So, to summarize, Brand considers spirituality to be important, sometimes uses Christian language and practices, embraces Christian values, agrees with some of the teachings of Jesus, and aims to find “Christ-consciousness.”

That should be good, right? Yes, except that he also dabbles in many other spiritual and religious realms.

Over the past couple of decades, in what seems to be an earnest search for relevance, Brand has been an avid seeker and supporter of various religious and spiritual things. He used to be a Buddhist and has previously talked of the Dalai Lama as the “living incarnation of Buddha”. His wedding ceremony to Katy Perry was of the Hindu persuasion and many of the spiritual tenants about which he still speaks follow along those lines. For years he regularly attended Hare Krishna services.

Brand now seems to consider the 12-steps as the answer to his religious needs. He recently wrote a book, Recovery: Freedom From Our Addictions, explaining the steps in his own unique way.

Even so, the spiritual buzz words Brand flings about might lead us to believe that he identifies with Christ. And I think maybe he does in the sense that he sees Jesus as a good teacher and a prophet. But we need to listen more carefully.

When I put all of his spiritual verbiage together, it paints a picture of a person who is certainly a seeker of spiritual and religious things but hasn’t directly identified Jesus as the Only Way to the Father. Brand talks of the teachings and the message of Jesus, without ever identifying with Jesus as the Son of God or Savior. Brand goes on about the “kingdom of heaven on earth” but sadly he does not currently claim a faith in the only King Jesus who can usher him into the kingdom.

We don’t get to pick and choose our beliefs from a smorgasbord of options. With Jesus, it’s all or nothing. And Brand’s words do not indicate that Jesus is all, through his words or through his actions.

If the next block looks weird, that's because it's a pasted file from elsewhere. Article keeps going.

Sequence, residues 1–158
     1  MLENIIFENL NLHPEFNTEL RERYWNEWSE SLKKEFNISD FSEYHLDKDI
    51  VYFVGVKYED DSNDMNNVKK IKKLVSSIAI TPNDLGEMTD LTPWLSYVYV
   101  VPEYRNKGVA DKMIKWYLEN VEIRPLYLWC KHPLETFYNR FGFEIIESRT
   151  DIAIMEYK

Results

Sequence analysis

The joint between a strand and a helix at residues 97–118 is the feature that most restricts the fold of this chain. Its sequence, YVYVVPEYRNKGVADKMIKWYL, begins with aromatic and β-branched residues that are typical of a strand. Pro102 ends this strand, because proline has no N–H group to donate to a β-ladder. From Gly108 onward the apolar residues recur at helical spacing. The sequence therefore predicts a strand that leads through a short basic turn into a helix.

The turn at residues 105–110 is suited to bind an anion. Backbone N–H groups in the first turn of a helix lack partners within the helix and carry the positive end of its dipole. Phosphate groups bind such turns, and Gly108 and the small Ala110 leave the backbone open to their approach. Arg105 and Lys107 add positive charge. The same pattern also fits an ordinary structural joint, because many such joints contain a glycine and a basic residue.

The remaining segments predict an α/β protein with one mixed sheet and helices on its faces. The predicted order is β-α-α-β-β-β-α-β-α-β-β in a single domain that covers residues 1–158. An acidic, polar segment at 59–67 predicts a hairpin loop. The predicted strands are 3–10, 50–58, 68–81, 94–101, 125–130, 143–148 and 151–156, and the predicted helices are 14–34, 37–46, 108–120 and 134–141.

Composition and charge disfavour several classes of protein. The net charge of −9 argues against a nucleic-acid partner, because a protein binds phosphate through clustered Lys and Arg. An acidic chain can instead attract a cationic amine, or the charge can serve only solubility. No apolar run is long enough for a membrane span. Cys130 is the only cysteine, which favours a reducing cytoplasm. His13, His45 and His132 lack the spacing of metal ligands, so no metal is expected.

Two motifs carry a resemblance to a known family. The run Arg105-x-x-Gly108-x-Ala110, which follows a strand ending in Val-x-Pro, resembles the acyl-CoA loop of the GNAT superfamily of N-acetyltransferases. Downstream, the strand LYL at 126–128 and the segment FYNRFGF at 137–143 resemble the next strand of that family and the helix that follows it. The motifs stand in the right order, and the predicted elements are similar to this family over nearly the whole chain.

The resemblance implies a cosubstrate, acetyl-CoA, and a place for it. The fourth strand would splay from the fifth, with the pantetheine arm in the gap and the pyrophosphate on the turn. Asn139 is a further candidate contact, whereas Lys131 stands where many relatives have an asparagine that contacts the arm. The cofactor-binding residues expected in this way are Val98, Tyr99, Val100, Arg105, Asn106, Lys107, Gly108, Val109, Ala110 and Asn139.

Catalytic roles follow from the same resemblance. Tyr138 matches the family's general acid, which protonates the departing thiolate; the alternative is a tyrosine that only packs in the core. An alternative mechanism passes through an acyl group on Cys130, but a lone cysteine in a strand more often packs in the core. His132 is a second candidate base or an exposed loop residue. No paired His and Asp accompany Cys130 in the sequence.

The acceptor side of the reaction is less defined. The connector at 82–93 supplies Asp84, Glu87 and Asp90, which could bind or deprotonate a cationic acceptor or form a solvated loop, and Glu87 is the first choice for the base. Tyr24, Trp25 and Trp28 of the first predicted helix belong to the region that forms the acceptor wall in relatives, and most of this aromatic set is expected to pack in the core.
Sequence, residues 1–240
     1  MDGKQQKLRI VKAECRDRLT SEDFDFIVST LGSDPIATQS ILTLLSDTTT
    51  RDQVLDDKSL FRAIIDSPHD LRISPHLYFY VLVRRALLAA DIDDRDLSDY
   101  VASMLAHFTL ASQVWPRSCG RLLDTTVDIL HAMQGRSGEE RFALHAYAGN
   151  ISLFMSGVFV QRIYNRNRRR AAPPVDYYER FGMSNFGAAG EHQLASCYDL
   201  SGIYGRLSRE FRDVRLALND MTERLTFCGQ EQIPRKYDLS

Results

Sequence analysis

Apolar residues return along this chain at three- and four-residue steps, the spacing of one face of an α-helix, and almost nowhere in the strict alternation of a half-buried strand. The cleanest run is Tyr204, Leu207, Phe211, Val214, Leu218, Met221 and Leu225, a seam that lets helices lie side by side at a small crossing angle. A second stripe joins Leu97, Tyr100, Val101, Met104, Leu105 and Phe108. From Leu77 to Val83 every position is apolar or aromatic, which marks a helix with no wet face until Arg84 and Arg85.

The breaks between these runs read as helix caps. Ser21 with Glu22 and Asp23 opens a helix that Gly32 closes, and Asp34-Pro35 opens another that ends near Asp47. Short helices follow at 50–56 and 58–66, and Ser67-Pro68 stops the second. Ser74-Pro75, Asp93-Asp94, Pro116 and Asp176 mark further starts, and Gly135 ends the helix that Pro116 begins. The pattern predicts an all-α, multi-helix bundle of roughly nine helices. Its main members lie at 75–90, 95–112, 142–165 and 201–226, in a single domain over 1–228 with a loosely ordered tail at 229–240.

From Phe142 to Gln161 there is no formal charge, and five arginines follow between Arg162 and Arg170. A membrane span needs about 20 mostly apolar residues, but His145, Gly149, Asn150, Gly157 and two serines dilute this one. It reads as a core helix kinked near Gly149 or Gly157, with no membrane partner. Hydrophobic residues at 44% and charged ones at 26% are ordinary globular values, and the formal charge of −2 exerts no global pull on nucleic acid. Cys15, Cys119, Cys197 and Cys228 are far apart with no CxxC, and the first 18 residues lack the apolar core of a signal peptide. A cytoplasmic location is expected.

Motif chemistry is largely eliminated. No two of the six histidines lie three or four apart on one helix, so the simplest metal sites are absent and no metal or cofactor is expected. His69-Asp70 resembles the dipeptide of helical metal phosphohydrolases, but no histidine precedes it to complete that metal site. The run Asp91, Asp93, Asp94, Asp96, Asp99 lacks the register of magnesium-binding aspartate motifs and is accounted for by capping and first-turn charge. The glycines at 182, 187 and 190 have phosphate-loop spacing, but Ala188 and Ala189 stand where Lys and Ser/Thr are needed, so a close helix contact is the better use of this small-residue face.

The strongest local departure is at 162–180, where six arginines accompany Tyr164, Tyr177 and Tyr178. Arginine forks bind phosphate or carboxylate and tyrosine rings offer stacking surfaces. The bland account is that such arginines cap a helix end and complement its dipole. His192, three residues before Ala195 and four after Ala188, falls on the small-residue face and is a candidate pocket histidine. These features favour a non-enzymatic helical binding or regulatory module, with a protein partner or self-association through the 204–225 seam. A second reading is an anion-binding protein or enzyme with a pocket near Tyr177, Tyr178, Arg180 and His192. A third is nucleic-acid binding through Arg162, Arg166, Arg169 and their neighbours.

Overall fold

Sure, he seems to be committed to his wife now and they have a lovely child. He wants to be a good father. He is trying to do good things and help people. And those are all great things! But he continues to be critical, loud-mouthed, and somewhat narcissistic, speaking with profanity that could make the angels of hell blush. His current standup comedy routine does not even show a hint of a person who loves Jesus. From his actions and his words, it seems he’s still missing the mark.

But maybe he’s closer than he used to be. Russell Brand is on a journey where he seems to be aware of some sort of spiritual need. Hopefully, that journey will lead him into a right relationship with Christ as his Savior. I desperately want that to be true and I believe God does too!

However, from what I can surmise from his media presence (and, shockingly, I do not know him personally) Brand is not quite there yet.

But from what I can see, Brand is on a journey and I can respect that. I deeply appreciate how far he’s come and I wouldn’t judge him for not having “arrived”. His story still inspires me. Overcoming addiction is no small thing.

What really gets me in this scenario is the fact that a corner of the Christian publishing world is touting Brand on the cover of their magazine and making it seem like he is a converted Christian. This is confusing in a couple of ways.

It could be misleading personally for Brand as the magazine’s blatant approval of him might make him think his theology is correct and he has found the right answers. I mean, they titled the article “The Second Coming of Russell Brand” for goodness sake”¦. If a Christian magazine approves of you, it must mean you’re eternally secure, right?

Even more disappointing and destructive, this type of sensationalism is misleading to the Christian readership and general public. Was it intentional? I don’t know. But we journalists (especially Christian journalists!) have the responsibility to make sure that we are reporting the truth and not twisting it into something even marginally deceptive — no matter how popular it is and how many clicks it gets.  

And that’s what Pope Francis was talking about recently when he asked journalists to stop engaging in disinformation and other “sins of the media”. I don’t always agree with the pope but, in this case, I think he has a point.